Cle­mens is the only one do­ing mis­re­mem­ber­ing on Capi­tol Hill

The Covington News - - Sports -

Roger Cle­mens got at least one thing right on which there will be no mis­re­mem­ber­ing: He is a trust­ing man.

Trust­ing enough to al­low any­one with a nee­dle and a good story to jab him wher­ever they want. Trust­ing enough to al­low his wife to use hu­man growth hor­mone even though he never touched the stuff. So trust­ing in his abil­i­ties as a con man that he thought he could get away with his lit­tle scam be­fore some politi­cians who know a thing or two about scams them­selves.

“If I am guilty of any­thing it is of be­ing too trust­ing of ev­ery­one, want­ing to see the best in ev­ery­one, be­ing too nice to ev­ery­one,” Cle­mens said

Yes, he’s guilty. Guilty of be­ing a saint.

He told us so over and over again Wed­nes­day on Capi­tol Hill, not that some of the politi­cians lis­ten­ing to his tale of good deeds needed that much con­vinc­ing. One wanted to know what uni­form he was go­ing to wear to the Hall of Fame, while an­other won­dered why a scum­bag like Brian McNamee even de­served to be in the same room as him.

You half ex­pected his syco­phants to stand up and start salut­ing when Cle­mens got go­ing on an­other one of his great con­tri­bu­tions to mankind, which was com­ing out of re­tire­ment to put the USA uni­form on to play for his coun­try in the World Base­ball Clas­sic.

One con­gress­woman went so far to sug­gest, though pos­si­bly with some sar­casm, that Cle­mens was sure to go to heaven for his good deeds.

That had to give Cle­mens some com­fort, though this was a day when he should have been more con­cerned with where he’s go­ing in the earthly world. And that could be a fed­eral prison if the FBI and IRS agents sit­ting be­hind McNamee weren’t just there to en­joy a lit­tle en­ter­tain­ment on their lunch hour.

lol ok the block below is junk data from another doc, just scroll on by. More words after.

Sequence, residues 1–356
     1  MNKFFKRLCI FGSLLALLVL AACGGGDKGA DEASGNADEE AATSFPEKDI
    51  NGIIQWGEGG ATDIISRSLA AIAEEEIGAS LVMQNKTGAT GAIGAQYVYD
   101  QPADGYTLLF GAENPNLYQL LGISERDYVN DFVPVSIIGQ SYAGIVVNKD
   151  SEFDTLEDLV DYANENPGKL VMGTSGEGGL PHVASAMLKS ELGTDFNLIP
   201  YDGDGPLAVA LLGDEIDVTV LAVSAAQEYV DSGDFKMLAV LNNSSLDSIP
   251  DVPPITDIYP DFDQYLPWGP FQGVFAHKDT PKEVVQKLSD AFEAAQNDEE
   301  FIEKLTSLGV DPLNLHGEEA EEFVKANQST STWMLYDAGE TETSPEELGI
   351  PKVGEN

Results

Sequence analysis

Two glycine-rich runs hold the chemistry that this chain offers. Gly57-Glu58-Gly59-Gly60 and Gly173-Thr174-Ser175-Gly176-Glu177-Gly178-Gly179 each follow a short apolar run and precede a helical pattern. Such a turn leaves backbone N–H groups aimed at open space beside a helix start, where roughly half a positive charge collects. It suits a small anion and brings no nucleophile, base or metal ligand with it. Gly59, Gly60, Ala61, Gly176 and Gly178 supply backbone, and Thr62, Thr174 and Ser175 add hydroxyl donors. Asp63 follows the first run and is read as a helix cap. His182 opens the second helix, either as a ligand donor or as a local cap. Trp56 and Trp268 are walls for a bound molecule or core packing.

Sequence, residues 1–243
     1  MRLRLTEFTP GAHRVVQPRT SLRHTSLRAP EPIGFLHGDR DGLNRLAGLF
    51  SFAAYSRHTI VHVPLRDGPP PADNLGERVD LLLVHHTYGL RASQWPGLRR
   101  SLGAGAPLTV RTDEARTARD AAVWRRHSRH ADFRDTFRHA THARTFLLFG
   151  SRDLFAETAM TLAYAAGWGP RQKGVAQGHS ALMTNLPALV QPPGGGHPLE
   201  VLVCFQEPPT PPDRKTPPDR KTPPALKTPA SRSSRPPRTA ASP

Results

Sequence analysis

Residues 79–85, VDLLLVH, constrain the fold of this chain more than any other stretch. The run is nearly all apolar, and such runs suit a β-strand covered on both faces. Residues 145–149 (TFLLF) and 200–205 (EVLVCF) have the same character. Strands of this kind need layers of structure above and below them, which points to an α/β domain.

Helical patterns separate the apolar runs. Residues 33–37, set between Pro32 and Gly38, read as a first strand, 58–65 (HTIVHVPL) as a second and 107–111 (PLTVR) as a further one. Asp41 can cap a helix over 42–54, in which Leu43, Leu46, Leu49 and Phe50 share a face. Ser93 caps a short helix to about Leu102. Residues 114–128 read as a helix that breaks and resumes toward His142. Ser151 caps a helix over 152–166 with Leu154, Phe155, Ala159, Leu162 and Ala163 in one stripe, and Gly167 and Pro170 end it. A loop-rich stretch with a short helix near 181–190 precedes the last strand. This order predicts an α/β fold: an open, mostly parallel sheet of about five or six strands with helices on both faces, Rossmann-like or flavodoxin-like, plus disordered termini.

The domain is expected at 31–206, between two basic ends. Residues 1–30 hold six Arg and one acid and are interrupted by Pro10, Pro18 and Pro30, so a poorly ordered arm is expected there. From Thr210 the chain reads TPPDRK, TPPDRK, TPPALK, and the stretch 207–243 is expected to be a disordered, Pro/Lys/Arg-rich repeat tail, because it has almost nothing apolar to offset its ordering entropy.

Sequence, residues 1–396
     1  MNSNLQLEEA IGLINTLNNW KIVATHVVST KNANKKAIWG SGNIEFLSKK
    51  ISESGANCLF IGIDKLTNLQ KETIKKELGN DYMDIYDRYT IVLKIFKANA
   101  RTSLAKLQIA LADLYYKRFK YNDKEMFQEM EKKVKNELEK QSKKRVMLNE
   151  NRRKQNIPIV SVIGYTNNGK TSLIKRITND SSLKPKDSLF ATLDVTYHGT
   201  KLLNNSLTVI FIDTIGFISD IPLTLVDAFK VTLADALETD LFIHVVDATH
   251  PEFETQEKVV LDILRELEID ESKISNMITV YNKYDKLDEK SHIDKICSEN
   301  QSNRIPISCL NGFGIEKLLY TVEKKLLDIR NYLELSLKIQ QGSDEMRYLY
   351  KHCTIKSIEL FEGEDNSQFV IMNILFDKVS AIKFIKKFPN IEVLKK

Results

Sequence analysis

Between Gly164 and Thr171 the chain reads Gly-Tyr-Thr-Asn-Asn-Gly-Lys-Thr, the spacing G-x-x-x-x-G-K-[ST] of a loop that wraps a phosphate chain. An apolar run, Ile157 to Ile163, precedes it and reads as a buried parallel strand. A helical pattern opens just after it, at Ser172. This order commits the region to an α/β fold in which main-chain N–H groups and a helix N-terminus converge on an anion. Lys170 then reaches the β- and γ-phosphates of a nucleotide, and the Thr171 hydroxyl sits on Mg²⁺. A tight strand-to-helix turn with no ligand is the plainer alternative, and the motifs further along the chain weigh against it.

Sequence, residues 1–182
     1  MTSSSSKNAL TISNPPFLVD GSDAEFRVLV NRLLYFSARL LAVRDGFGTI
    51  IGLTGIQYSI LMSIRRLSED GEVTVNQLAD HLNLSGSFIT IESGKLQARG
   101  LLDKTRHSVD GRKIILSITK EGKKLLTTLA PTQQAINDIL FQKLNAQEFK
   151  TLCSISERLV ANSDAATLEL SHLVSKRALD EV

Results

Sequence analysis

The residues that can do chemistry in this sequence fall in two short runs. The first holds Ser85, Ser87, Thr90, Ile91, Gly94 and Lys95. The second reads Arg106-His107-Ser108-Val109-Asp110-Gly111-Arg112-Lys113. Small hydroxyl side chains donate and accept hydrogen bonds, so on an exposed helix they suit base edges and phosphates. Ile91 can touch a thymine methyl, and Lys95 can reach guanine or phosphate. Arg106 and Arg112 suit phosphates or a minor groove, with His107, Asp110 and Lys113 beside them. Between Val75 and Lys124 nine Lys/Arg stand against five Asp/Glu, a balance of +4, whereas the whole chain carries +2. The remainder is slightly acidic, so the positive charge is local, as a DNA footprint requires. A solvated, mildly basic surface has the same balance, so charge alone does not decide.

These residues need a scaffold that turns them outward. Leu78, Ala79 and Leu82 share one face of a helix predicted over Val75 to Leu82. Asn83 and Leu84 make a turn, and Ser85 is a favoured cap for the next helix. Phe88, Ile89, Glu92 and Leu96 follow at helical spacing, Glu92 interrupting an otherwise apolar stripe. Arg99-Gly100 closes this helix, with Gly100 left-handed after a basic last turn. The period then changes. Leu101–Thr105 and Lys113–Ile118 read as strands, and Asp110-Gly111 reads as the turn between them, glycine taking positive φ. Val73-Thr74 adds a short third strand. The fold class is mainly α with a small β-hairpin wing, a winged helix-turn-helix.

Cle­mens rolled the dice, fig­ur­ing the force of his per­son­al­ity and his seven Cy Youngs would over­come any ev­i­dence that might be raised against him. You can hardly blame him be­cause he’s spent the last 25 years be­ing

sur­rounded by peo­ple who do his bid­ding, and he’s come to ex­pect that when he says some­thing it must be the truth.

Un­for­tu­nately, in­ves­ti­ga­tors for the com­mit­tee had been do­ing some dig­ging in re­cent days and come up with some new ev­i­dence that turned this into some­thing far more than just a he said/she said con­test. Per­haps more un­for­tu­nately, the real Roger Cle­mens showed up, and even his at­tor­ney jump­ing up and down and des­per­ately whis­per­ing into his ear couldn’t save him from self de­struc­t­ing.

He drug his wife into it, then tried to make it seem like it was some­one else’s fault. He drug his mother into it not just be­cause she worked three jobs sup­port­ing the fam­ily but be­cause she liked vi­ta­min B-12.

He threw his agent un­der the bus, then tossed his union in for good mea­sure. As for his for­mer nanny who placed him at Jose Canseco’s house, well, she’s a sweet per­son but she re­ally doesn’t un­der­stand much about any­thing.

Last time I checked, guys don’t go to heaven for things like that.

Worst of all, Cle­mens just flat out lied. There’s no way of es­cap­ing that con­clu­sion be­cause there’s no way Andy Pet­titte and his wife were ly­ing in their in­ter­views, and no way Chuck Knoblauch was ly­ing when he said that McNamee’s es­ti­mates of shoot­ing him up 7-9 times with HGH sounded about right.

Both the Pet­tittes and Knoblauch were tor­tured about their tes­ti­mony and what it might do to Cle­mens. None of them wanted to hurt the Rocket, but in the end they felt com­pelled to tell the truth, and the truth turned out to be sus­pi­ciously like McNamee laid it out to be.

“It’s hard to be­lieve you, sir,” Rep. Eli­jah Cum­mings, D-Md., told Cle­mens near the end of the hear­ing. “I hate to say that. You’re one of my he­roes. But it’s hard to be­lieve.”

Hard to swal­low, too, and not just be­cause the truth seems to mys­tify Cle­mens so much. It was the sheer ar­ro­gance on dis­play that was so galling to all but the most wor­ship­ful mem­bers of Congress, and which fi­nally re­sulted in com­mit­tee chair­man Henry Wax­man of Cal­i­for­nia ba­si­cally telling him to shut up.

Cle­mens was telling the truth about at least one thing. There was a whole lot of mis­re­mem­ber­ing go­ing on.

But he was the one do­ing most of it.

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